How to Tune Your Ukulele

You’ve no doubt spent lot of time pouring over our advice on choosing the right ukulele and, now you’ve got one of these delightful little fellas in your hands, your chords aren’t quite sounding as they should. But, how do you know if your uke is in tune? And how can you tune up your ukulele with the help of a tuner? In this very blog, you will find the answers to these questions and more so you can get the very best out of your new pal.

Standard Ukulele Tuning

Most people will have a soprano or concert model ukulele with a standard G – C – E – A tuning, with the ‘G’ referring to the first string (or the top string as you look down when holding the uke in a normal playing position) and ‘A’ referring to the 4th string (the thickest and bottom string as you look down). If you happen to have a different ukulele model or you’re interested in some alternative tunings, then scroll down to the last paragraph.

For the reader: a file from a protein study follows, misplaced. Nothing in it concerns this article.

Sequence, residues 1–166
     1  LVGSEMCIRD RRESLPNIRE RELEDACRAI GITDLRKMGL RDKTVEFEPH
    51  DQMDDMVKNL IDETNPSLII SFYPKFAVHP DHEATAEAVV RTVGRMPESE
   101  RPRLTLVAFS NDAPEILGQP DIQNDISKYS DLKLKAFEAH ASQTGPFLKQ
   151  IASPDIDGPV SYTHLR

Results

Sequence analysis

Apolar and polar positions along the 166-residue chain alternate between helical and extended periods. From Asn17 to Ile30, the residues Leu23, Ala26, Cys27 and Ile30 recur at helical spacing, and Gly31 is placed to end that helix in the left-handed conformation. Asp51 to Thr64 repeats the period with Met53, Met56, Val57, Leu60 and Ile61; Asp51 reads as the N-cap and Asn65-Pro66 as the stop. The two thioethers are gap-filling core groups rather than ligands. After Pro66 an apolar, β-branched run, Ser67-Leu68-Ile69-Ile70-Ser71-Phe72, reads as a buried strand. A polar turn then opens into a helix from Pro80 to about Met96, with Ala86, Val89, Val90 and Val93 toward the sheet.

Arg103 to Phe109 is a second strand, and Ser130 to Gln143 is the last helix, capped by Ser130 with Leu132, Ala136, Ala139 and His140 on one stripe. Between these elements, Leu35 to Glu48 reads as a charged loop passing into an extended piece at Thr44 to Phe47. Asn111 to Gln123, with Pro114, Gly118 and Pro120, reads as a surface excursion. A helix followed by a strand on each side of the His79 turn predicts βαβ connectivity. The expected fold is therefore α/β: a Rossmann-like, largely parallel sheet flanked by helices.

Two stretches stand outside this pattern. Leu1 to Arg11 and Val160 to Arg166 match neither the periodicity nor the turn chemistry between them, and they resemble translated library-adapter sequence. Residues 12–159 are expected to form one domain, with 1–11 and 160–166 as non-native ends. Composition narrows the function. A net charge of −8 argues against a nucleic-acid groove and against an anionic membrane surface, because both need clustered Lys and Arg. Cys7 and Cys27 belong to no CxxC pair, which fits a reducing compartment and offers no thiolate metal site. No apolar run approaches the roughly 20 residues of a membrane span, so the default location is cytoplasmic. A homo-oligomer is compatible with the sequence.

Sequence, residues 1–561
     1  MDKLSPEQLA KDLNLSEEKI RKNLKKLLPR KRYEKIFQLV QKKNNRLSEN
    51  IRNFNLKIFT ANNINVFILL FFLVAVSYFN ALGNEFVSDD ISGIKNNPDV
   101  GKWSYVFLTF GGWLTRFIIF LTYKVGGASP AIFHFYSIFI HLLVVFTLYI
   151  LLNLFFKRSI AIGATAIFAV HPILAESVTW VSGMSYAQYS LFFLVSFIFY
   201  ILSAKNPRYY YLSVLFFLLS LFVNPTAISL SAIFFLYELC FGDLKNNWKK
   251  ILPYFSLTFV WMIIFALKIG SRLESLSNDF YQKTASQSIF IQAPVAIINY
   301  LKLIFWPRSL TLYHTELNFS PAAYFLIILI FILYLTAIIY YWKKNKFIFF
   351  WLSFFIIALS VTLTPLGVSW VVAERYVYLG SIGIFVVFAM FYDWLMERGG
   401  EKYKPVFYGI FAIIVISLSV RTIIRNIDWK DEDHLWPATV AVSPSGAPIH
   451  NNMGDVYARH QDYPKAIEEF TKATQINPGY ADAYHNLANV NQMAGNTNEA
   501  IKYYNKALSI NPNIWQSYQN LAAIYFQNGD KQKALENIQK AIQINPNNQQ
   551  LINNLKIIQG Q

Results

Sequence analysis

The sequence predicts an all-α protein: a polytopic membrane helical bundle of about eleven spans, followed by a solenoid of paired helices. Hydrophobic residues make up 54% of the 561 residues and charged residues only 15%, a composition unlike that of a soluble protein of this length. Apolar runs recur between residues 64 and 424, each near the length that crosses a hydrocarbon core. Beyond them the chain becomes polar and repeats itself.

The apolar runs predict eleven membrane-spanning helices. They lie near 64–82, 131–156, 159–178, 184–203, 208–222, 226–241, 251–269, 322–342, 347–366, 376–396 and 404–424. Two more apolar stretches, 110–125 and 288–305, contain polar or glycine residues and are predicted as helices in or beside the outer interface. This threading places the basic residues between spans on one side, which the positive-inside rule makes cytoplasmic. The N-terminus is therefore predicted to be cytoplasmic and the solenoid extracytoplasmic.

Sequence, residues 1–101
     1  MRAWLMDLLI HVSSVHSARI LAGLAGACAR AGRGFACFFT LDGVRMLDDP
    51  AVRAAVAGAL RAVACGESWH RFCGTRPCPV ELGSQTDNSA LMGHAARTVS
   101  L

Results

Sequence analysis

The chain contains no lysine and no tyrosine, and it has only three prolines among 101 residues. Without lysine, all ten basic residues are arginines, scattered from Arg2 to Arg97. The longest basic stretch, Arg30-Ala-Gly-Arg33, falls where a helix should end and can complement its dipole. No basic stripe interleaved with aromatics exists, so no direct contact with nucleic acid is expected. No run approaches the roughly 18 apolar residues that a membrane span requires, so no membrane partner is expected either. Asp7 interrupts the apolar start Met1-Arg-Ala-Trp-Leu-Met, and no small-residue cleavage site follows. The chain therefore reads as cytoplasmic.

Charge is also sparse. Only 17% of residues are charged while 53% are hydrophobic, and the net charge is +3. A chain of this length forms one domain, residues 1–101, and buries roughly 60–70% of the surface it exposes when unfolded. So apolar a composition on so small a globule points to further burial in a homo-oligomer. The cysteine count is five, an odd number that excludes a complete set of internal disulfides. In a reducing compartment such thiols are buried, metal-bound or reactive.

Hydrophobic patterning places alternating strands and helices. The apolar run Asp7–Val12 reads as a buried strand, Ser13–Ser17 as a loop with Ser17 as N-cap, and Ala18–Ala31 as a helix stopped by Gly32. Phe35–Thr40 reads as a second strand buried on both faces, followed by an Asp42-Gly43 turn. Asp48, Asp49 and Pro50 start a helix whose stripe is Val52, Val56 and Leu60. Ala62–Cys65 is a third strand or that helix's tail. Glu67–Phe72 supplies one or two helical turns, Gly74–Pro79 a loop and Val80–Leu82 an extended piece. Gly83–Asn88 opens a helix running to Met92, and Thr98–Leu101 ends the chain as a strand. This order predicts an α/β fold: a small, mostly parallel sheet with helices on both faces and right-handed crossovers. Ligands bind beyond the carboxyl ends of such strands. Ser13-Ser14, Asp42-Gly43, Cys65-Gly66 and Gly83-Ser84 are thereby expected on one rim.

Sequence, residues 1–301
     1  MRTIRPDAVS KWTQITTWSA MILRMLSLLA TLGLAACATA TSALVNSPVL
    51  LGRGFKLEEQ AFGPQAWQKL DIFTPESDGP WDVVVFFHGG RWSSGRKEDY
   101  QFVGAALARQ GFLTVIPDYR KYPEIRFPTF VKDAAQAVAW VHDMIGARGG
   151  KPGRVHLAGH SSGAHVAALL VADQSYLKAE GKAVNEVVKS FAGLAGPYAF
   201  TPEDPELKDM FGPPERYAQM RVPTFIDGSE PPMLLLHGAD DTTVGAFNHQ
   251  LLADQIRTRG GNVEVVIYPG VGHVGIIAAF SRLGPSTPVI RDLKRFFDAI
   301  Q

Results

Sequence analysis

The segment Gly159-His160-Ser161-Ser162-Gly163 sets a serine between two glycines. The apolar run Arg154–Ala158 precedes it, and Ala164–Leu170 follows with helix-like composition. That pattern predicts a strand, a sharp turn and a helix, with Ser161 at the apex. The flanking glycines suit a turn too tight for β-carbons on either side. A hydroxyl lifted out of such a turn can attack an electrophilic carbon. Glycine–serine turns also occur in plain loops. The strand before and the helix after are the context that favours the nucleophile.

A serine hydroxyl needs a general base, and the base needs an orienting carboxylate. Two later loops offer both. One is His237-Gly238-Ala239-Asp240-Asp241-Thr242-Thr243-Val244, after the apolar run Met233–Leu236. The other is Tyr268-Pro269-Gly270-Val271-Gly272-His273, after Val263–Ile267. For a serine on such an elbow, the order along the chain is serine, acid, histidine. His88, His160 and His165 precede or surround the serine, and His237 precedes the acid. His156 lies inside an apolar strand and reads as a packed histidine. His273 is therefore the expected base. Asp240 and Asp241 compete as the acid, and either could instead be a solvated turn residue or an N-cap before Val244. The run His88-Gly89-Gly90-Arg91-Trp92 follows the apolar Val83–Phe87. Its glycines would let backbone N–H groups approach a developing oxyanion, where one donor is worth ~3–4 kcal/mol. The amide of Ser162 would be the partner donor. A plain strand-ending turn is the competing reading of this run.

Using a Tuner

When you’ve just started playing and can’t quite hear if a string is slightly out of tune, it’s totally understandable that you’ll need a chromatic tuning device to help you out. Clip-On-Tuners are probably the most practical tuner out there for acoustic ukuleles since they can very literally be clipped onto the head of the uke. Some tuners turn on automatically, while some will need to be switched on, but all tuners for acoustic instruments work using a built-in microphone or in response to particular vibrations. It’s worth noting that on both soprano and concert ukuleles, the first string (the ‘G’) does sound higher than the second and thirds strings (this is called ‘re-entrant’ tuning). For guitarists, this can feel a little counter-intuitive since they’ll expect this string to be the lowest in pitch.

Tuning Your Ukulele